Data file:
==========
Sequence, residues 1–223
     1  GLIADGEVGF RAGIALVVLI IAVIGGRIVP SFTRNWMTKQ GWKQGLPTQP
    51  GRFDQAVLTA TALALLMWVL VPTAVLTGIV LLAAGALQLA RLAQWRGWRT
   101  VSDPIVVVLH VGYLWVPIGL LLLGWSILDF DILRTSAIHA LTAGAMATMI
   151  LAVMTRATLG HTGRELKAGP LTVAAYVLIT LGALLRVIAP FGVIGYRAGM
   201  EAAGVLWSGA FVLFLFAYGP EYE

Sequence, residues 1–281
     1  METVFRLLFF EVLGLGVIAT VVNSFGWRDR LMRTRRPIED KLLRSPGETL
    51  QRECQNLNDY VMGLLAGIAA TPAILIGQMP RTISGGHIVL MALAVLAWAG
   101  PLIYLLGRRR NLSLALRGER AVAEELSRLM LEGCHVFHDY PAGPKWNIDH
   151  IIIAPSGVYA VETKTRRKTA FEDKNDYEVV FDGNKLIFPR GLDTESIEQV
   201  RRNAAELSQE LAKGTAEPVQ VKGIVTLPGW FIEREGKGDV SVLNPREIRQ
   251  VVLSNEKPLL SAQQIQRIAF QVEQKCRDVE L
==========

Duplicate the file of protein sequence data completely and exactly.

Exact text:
Sequence, residues 1–223
     1  GLIADGEVGF RAGIALVVLI IAVIGGRIVP SFTRNWMTKQ GWKQGLPTQP
    51  GRFDQAVLTA TALALLMWVL VPTAVLTGIV LLAAGALQLA RLAQWRGWRT
   101  VSDPIVVVLH VGYLWVPIGL LLLGWSILDF DILRTSAIHA LTAGAMATMI
   151  LAVMTRATLG HTGRELKAGP LTVAAYVLIT LGALLRVIAP FGVIGYRAGM
   201  EAAGVLWSGA FVLFLFAYGP EYE

Sequence, residues 1–281
     1  METVFRLLFF EVLGLGVIAT VVNSFGWRDR LMRTRRPIED KLLRSPGETL
    51  QRECQNLNDY VMGLLAGIAA TPAILIGQMP RTISGGHIVL MALAVLAWAG
   101  PLIYLLGRRR NLSLALRGER AVAEELSRLM LEGCHVFHDY PAGPKWNIDH
   151  IIIAPSGVYA VETKTRRKTA FEDKNDYEVV FDGNKLIFPR GLDTESIEQV
   201  RRNAAELSQE LAKGTAEPVQ VKGIVTLPGW FIEREGKGDV SVLNPREIRQ
   251  VVLSNEKPLL SAQQIQRIAF QVEQKCRDVE L